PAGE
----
Federal cabinet shoots down ‘Sin Tax’ proposal

Approves eleven-member board of Sarmaya-e-Pakistan Limited Company


Shahbaz Rana February 22, 2019
A file photo of PM Imran Khan chairing a federal cabinet meeting. PHOTO: PTI

ISLAMABAD: The federal cabinet on Thursday rejected a proposal to impose Sin Tax on consumption of tobacco and beverages due to legal and administrative hitches in enforcement of the levy.

The Ministry of National Health Services tabled the draft bill, seeking permission to impose Rs10 federal health levy on a 20-stick cigarettes pack and Re1 on 250 milliliter sugar sweetened beverage. The federal health levy has been originally called a “Sin Tax”.

The cabinet approved an eleven-member board of Sarmaya-e-Pakistan Limited (SPL) company that has been setup to reform dozens of loss making state-owned enterprises by separating them from their parent ministries.

The Federal Minister for Information Fawad Chaudhry told The Express Tribune that the federal cabinet did not approve health levy. He said the cabinet also approved board of the SPL Limited.

The Ministry of National Health Services had proposed the Sin Tax to “finance health insurance scheme and fatal diseases programme” of Prime Minister Imran Khan.

But Finance Minister Asad Umar took the stance that it was not appropriate for any other ministry to make taxation proposals, according to participants of the meeting. Under the Rules of Business, it is the job of the Revenue Division to propose tax measures.

There were also concerns that the decision to impose a Levy through Finance Bill may not withstand courts’ scrutiny. The revenues generated through imposing a levy instead of a tax do not become part of federal divisible pool being shared by the provinces and the Centre.

There was also a concern that the provinces may raise constitutional objections to collect levy on health, which is a provincial matter under the 1973 Constitution, said the officials. Furthermore, any increase in tax burden of the tobacco sector could lead to reduction in its revenues.

The FBR collected Rs74 billion revenues from the cigarette manufacturers in the last fiscal year –which was down by one-third over the previous fiscal year due to change in tax slabs. It now expects to collect around Rs115 billion by end of this fiscal year.

The Health Ministry wanted that the Sin Tax should be charged, levied and paid on manufacturing, sale or transfer of cigarettes and sugar-sweetened beverages by manufacturers, producers and importers. Revenue collected through health levy should be allocated for health budget of the federal government.

The cabinet directed the Health Minister Aamer Kiani to hold a meeting with Finance Minister Asad Umar to get financing for his health projects instead of imposing a levy, said the officials.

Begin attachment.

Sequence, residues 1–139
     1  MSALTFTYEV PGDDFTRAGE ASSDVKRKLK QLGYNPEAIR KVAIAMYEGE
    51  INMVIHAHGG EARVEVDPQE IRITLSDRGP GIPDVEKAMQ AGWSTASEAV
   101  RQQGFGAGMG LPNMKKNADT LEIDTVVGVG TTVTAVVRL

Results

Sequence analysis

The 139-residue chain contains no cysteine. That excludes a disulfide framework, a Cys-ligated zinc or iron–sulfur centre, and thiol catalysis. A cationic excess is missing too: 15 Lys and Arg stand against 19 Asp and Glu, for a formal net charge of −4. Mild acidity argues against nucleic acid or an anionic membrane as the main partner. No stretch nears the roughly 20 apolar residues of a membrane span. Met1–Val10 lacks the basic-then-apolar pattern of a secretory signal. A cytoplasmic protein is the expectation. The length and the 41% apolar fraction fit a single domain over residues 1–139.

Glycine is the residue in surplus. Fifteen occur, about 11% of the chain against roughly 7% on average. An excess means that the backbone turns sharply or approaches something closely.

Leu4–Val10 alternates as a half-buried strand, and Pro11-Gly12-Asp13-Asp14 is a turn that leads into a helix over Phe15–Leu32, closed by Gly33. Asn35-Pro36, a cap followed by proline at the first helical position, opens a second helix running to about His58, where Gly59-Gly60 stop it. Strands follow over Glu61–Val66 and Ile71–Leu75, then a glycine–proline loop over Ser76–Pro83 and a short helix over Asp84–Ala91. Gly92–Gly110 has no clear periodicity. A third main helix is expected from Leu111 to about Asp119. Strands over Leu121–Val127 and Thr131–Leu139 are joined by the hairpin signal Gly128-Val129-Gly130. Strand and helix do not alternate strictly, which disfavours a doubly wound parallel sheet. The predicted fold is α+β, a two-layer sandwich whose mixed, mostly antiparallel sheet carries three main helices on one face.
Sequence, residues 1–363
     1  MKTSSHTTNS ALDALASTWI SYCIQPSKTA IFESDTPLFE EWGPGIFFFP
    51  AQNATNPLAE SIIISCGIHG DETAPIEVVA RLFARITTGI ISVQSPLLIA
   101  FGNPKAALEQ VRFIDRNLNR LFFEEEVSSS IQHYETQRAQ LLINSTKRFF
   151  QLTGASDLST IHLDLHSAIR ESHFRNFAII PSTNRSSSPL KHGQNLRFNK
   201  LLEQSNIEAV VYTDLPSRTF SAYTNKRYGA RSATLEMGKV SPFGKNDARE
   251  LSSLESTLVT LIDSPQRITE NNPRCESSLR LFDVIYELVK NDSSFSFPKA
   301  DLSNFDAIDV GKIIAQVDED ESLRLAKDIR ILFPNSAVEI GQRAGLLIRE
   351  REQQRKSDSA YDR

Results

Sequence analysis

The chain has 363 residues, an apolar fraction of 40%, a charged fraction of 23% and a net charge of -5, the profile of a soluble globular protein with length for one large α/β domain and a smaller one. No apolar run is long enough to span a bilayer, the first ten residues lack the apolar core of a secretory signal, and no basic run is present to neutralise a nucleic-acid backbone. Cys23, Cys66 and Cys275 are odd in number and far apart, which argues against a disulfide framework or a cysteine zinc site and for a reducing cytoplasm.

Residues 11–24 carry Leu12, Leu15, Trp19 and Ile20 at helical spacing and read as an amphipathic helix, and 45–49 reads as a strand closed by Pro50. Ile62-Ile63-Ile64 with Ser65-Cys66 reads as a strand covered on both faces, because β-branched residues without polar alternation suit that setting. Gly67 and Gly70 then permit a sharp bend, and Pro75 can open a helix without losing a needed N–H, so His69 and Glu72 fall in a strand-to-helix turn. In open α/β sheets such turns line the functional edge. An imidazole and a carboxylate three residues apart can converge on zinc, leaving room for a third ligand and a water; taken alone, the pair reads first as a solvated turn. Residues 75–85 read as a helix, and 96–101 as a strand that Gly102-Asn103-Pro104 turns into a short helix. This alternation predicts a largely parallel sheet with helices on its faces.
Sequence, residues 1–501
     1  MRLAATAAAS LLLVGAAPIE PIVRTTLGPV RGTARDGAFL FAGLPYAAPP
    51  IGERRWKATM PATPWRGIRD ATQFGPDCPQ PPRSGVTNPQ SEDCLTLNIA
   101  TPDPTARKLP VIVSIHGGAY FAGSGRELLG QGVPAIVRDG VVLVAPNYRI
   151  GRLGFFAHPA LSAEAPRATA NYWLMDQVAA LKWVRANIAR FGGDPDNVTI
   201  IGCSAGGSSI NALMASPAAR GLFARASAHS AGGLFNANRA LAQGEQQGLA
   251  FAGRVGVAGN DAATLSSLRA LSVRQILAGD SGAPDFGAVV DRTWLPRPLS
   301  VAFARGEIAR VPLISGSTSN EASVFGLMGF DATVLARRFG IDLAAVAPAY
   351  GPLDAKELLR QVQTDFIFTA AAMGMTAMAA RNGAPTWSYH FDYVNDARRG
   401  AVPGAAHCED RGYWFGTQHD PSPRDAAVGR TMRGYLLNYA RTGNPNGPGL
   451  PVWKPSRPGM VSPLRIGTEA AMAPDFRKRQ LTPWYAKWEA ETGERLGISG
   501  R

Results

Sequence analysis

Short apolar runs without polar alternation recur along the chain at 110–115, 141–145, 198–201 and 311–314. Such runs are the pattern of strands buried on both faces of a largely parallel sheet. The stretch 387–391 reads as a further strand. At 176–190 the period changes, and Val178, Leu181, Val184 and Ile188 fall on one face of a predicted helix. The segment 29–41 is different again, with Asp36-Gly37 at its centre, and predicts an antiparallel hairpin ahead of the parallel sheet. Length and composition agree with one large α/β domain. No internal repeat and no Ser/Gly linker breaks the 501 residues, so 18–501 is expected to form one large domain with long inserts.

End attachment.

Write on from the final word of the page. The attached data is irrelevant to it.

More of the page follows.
Under the National Health Programme, originally launched by former PM Nawaz Sharif, nearly 3.2 million families in 38 districts were given health coverage. PM Khan wants to expand the programme’s horizon to 18 million poor families across Pakistan.

In Pakistan tobacco is a cause of death of around 160,189 people annually. Almost 15.6 million adults currently smoke tobacco in the country, according to the Ministry of National Health Services. The economic cost of the smoking is estimated at Rs143.2 billion annually, including direct and indirect cost.

Over consumption of sugar is a major cause of obesity, diabetes and tooth decay. Over 27.4 million people are suffering from diabetes and another 14.5 million are at risk of diabetes.

The federal cabinet on Thursday also approved eleven-member board of Sarmaya-e-Pakistan Limited (SPL) aimed at reviving the loss making government enterprises.

The cabinet ratified the decision of the Cabinet Committee on State Owned Enterprises (CCoSOEs) that had finalised eight private member candidates out of a list of 21, proposed by the Finance Division.

The cabinet approved the names of Kamran Yousaf Mirza, Ahmad Jaudat Bilal, Arshad Nasar, Musharraf Hai, Babar Badat, Zubyr Soomro, Nadeem Babar and Ehsan Malik for appointment as directors on the company’s board.

The cabinet approved names of five alternative members to be considered in case any of the members from the approved list chooses refuses to become a director. These are Waqar A Malik, Muhammad Aliuddin Ansar, Zafar A Khan, Khalid Mansoor and Atif Aslam Bajwa.

The CCoSOEs had also considered few names for appointment of chairman of the Saymaya Company but it left the decision on the board to pick its chairman.

The names have been approved a week after the government incorporated the company. It is an unlisted public company with 100% shareholding of the government. The Cabinet Committee, being headed by Prime Minister Imran Khan, will oversee the SPL Company.

In addition to eight private members, there are three ex-officio government members – secretary Finance Division, secretary Industries and Production Division and secretary Power Division.

The private sector members have been picked on basis of capability, credibility and integrity. It has also been decided that the board will formulate a Conflict of Interest Policy under Corporate Governance Rules.

The Pakistan Tehreek-e-Insaf (PTI) government has set up the company to reform the ailing state-owned enterprises. After coming into power, the government had delisted almost 55 enterprises from the list of active privatisation including Pakistan Airlines and Pakistan Steel Mills.

The cumulative debt of the PSEs increased to over Rs1.5 trillion by end of December. The government on Thursday also gave ‘look after charge’ of the Pakistan Steel Mills’ to Naeem Jan, joint secretary of Ministry of industry.

 

Our Publications

Most Read

COMMENTS

Replying to X

Comments are moderated and generally will be posted if they are on-topic and not abusive.

For more information, please see our Comments FAQ